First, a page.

what would cause sudden loss of neutral in the kitchen 13am ring the kitchen has two separate circuit's one double one single and switched DP for dishwasher sockets show lost neutral. Opening a socket using a elec test screwdriver the neon light shows when put on Neutral why? When nothing seems to be working on this circuit. The sockets fed from JB above cupboards the conductors are ok in place tight and no neon light shows on the tester placed on Neutral, obviously does on the LIVE. However, on and adjacent wall is another double socket with disconnected Neutral don’t know where this is fed from, but may be socket below which is working. I am arranging change of CU wire fuse unit for plug in mcb’s so I can switch circuits off independent, currently have to turn whole lot off. Many thanks Bob UK (Greengrass)
Neon screwdrivers are known to give false impressions and to be not accurate. I would suggest you buy a multi-meter (They cost less than £20) and learn how to use it. As for the screwdriver, throw it in the bin.
A follow up to my post Neutral lost in kitchen 13amp sockets.
Forgot to add what would the rough cost be of changing the CU its stand up job average height eye level. Cut and draw job through cavity wall if meter tails need replacing. Existing 8 fuses 2x 5amp 2 x 15am 4x 30amp re wire type pain in the butt, when replacing a damage socket, having to turn all off then go around after resetting everything effected by power loss. Many thanks in advance. I don't mess with elec I know it takes no prisoners. Any small permitted work on MY own property is checked and double checked. Greengrass.
The total cost will depend on several factors which need to be seen in person as well as other factors such as parking etc. You would not have a leg to stand on if you were told it will cost £1k and the final cost is £2k. Best get at least two quotes and compare.
[quote="Mr White"]The total cost will depend on several factors which need to be seen in person as well as other factors such as parking etc. You would not have a leg to stand on if you were told it will cost £1k and the final cost is £2k. Best get at least two quotes and compare.[/quote]
I see where you're coming from. Now fixed camera see images image of C.U boxed and image of side of bungalow. Where red car is parked is where side door to room the CU is in on wall between window and door with meter box outside under window. Parking no problem where red car is is where the room the CU is on same wall as meter box outside below window. No cramped cupboard resulting in Electricians cramp. That will only happen in my wallet.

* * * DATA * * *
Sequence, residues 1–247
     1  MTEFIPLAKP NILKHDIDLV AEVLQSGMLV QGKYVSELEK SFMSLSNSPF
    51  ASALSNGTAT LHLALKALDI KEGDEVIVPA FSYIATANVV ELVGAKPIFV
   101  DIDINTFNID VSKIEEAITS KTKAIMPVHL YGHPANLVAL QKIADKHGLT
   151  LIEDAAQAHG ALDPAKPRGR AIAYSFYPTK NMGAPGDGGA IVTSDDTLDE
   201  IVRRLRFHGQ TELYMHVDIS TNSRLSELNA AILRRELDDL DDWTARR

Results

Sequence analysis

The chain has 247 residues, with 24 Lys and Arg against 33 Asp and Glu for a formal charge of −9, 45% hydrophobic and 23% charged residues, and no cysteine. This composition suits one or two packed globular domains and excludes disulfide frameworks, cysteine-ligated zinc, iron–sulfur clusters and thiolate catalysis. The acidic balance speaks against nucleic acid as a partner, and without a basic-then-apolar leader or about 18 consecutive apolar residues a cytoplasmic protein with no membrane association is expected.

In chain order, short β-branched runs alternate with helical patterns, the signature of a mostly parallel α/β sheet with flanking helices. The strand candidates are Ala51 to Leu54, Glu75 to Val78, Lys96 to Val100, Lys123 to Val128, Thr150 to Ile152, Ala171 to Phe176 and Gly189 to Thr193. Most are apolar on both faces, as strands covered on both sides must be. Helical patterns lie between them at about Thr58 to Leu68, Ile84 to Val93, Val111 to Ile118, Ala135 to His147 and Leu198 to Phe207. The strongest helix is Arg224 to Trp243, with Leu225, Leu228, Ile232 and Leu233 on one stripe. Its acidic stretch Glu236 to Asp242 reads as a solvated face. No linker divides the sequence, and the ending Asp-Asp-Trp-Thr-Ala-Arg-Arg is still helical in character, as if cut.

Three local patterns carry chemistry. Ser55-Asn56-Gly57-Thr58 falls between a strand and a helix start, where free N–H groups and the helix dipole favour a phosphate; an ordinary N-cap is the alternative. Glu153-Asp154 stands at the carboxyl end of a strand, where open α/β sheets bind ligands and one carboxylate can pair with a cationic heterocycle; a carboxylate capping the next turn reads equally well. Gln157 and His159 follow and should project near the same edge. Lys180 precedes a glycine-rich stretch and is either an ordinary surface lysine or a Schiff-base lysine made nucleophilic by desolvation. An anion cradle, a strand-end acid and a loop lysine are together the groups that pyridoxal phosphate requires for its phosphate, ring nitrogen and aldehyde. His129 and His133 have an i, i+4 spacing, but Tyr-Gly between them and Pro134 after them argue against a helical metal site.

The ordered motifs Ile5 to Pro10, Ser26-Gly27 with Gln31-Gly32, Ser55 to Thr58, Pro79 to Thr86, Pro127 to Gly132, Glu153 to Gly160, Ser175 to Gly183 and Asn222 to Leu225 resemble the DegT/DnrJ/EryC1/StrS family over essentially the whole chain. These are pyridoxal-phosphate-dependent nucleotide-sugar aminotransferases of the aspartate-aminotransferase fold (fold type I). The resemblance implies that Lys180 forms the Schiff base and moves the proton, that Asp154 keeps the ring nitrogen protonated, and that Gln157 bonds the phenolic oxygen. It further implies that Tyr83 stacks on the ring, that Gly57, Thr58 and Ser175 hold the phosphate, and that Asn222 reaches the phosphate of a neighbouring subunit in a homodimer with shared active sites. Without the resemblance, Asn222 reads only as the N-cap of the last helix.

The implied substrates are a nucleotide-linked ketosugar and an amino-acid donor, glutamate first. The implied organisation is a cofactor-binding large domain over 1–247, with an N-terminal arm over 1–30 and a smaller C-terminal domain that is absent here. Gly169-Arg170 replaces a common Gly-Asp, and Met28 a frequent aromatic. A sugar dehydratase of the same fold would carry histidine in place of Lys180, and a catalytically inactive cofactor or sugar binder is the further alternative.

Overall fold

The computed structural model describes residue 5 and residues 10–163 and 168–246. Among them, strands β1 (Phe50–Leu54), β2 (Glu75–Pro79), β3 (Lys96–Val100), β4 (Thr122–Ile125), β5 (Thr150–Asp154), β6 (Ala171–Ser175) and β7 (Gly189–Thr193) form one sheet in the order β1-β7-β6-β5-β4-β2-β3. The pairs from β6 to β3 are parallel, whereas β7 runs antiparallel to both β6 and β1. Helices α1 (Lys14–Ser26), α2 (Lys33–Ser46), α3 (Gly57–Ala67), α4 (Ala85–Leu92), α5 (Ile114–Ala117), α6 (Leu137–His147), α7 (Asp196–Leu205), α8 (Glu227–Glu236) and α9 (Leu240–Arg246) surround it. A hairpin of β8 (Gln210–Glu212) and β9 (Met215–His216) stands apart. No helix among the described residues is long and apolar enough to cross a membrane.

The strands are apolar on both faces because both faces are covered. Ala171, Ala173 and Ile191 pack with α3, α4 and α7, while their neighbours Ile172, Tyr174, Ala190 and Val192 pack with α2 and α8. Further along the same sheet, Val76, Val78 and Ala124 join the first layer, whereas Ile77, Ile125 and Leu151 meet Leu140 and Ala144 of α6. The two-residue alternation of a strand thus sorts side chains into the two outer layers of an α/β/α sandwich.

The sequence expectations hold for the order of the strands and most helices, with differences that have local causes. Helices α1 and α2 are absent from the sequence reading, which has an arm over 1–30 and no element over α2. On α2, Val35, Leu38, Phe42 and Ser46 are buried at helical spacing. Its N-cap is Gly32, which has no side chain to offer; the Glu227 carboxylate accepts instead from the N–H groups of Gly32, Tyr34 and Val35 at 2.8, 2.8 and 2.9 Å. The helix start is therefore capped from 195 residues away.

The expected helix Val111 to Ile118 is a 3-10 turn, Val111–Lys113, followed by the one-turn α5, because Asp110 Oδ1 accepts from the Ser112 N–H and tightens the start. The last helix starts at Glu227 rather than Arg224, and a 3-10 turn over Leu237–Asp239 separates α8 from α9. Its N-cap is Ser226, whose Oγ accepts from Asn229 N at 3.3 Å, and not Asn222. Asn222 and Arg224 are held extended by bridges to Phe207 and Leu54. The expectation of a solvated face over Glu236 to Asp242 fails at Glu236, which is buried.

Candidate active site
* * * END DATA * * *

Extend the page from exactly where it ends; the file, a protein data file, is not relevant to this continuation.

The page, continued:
Parking is just one of the factors often forgotten by folk who want quotes, as I said there are other things too, and also as I mentioned if you were told on any forum it will cost around £1k and the final cost is £2k, you can not expect to say
"A person who has only seen seen a picture or two, and has never been here said it will be £1k so your £2k price is wrong"
You still need to get at least two quotes from some one who visits site.
The neutral loss first thing that comes to mind in a kitchen is either a switched FCU or some grid switches often labelled fridge, washer etc, gone faulty. Unlikely to loose neutral with a ring final as no switches to cause it to fail.
Neon screwdrivers are good tools for picking up faults like borrowed neutrals but are not really much good as a tester.
Don't recognise the fuse box, the Wilex has plug in replacements for the fuses, quite simple to change, around £11 each, really should be tested first, but unlikely to be a problem.
As to consumer unit change, first job is to test house, all too often there are faults which have been there for years, but without an RCD you just do not know the fault exists, so when the RCD is added also you need to correct existing faults.
I would be expecting over £500 for most houses which is around a days work and cost of parts. There is some options, cheap option is two RCD's covering whole house, better option is all RCBO's which means each circuit has it's own RCD.
This house has two consumer units, main one has two RCD's and a MCB not RCD protected feeding the kitchen consumer unit which has 4 RCBO's fitted. So there is an option to have say the sockets on RCBO's and the rest on two RCD's it is something to talk about with the electrician doing the work so adjusting the price for your pocket. The more the RCD's fitted (a RCBO is a RCD and MCB combined) the less likely they will trip for no reason.
I bit the bullet here after my mother put an extension lead in a bucket of water as she thought it was on fire when she saw the red neon, dementia had reached a stage where she could do silly things. In my own house RCD's were fitted years ago when my son passed his RAE at 14 years old to become a radio ham, he is now 40. My father-in-law still has no RCD protection.
Here in my mothers house the wiring was not good enough to use RCD's so to fit them needed a rewire, so it cost around £3500 to fit the new consumer unit, not cost of CU but cost of the rewire needed before it could be fitted, in my own house I still have old Wilex consumer units with the £11 MCB's fitted both feed from two RCD's in a separate box, but when fitted you could not buy consumer units with RCD's built in, would not do that today, in fact I have a new metal consumer unit ready to fit and turn three boxes into one box.
Last year I lost a freezer full of food due to the RCD tripping while away from the house. Lucky second freezer was on the other RCD so only lost one.
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